Procreate 4 and its most recent updates bring unprecedented ease and flexibility to digital field drawing
Documenting pharaonic remains and traces of late roman murals in the king’s chamber at Luxor temple using Procreate
We at digitalEPIGRAPHY have been enjoying using Procreate since purchasing the first iPad Pro and the Apple Pencil back in 2015. Three years have passed, and we can still say it with a lot of confidence that Procreate might very well be THE reason for you to purchase the iPad Pro for your digital field documentation needs. We’ve tried all the best art and design apps available on Apple’s powerful tablet and Procreate is the one we keep coming back to. It has a fantastic and intuitive interface that is hidden when your focus is on drawing but has a surprisingly large array of features when needed. There are numerous highly customizable brushes to choose from while it is easy to create new ones to suit both your digital “penciling” and “inking” needs. Other features include a Quick Menu that one can open with a quick tap or flick to manipulate layers and transform the canvas – without breaking your workflow. And of course, most importantly, the drawing process itself is just excellent.
As we already gave you a basic list of Procreate’s main features in our Tools section, this time we’d like to focus on the software’s recent additions that are well suited for our day-to-day epigraphic documentation process. Most importantly, with its 4th iteration, Procreate specifically puts its focus on performance improvements. The original Open GL-based Silica painting engine has been replaced with Silica M, which uses Apple's Metal graphics platform. This, says Savage, the Australian company behind development, makes the application much faster and more responsive when you apply brushstrokes or change settings. What it means for us is that brushes are more dynamic and there is a lot less stuttering even with large, multilayered files. There are also improvements to the Procreate Gallery, which has been rebuilt to provide faster load time and better arrangement tools.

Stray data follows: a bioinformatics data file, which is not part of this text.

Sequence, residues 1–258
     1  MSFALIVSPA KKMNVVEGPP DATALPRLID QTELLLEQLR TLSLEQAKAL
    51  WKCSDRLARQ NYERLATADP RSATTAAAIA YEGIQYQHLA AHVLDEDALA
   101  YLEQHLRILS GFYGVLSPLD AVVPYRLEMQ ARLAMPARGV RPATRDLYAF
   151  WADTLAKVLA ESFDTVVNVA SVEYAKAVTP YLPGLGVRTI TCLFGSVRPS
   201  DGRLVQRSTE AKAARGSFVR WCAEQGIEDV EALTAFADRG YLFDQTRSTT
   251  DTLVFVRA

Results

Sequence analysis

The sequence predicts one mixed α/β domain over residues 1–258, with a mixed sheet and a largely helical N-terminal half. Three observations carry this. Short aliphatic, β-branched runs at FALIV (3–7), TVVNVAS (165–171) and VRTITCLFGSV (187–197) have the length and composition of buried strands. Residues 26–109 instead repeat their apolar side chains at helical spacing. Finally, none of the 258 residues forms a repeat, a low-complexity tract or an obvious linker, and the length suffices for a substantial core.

As we work with multiple software during our documentation process, it is crucial for us to move our files with ease between our Mac and iPad. This process has just become much faster and a lot more convenient thanks to the redesigned Gallery and the dedicated Import tab right on the app’s start screen. Finally, all our file storage options are just a few clicks away thanks to Apple’s redesigned file structure system, while such new capabilities as drag-and-drop change the way we will interact with the app from now on. Sharing artwork used to involve going through multi-step import/export dialogues, now it is as simple as dragging a file into the Photos, Mail or Files app, or anywhere else you might want to put your reference image.
What this means for us is that you don’t need to fiddle with a cable anymore to connect your iPad to your Mac when exporting a multi-layered psd file that was just created in Procreate. Instead (assuming your devices are connected to the internet) you just grab your file from the Gallery and hold it while opening Apple’s Files app, navigate to your Dropbox, iCloud or any other app you’d like to copy it to, and let it go over the right folder to create an exact copy. This is a much simpler way to back up your digital penciling at the end of the day or to email a quick reference jpeg to a colleague.
Although most of the interface updates in Procreate 4 tend to be subtle, it is clear from the overall experience that the software has been through lots of testing from top to bottom. We’d like to offer one more practical use case scenario that takes advantage of the interface changes: when a comparison image is needed to be present on screen for your reference. We often use Apple’s Photos app in split screen mode for such occasions. However, you can have Photos (or any app that supports this feature) floating in a small palette over a full-screen version of Procreate, so, when painting, you can quickly move your reference image around the screen if it gets in the way.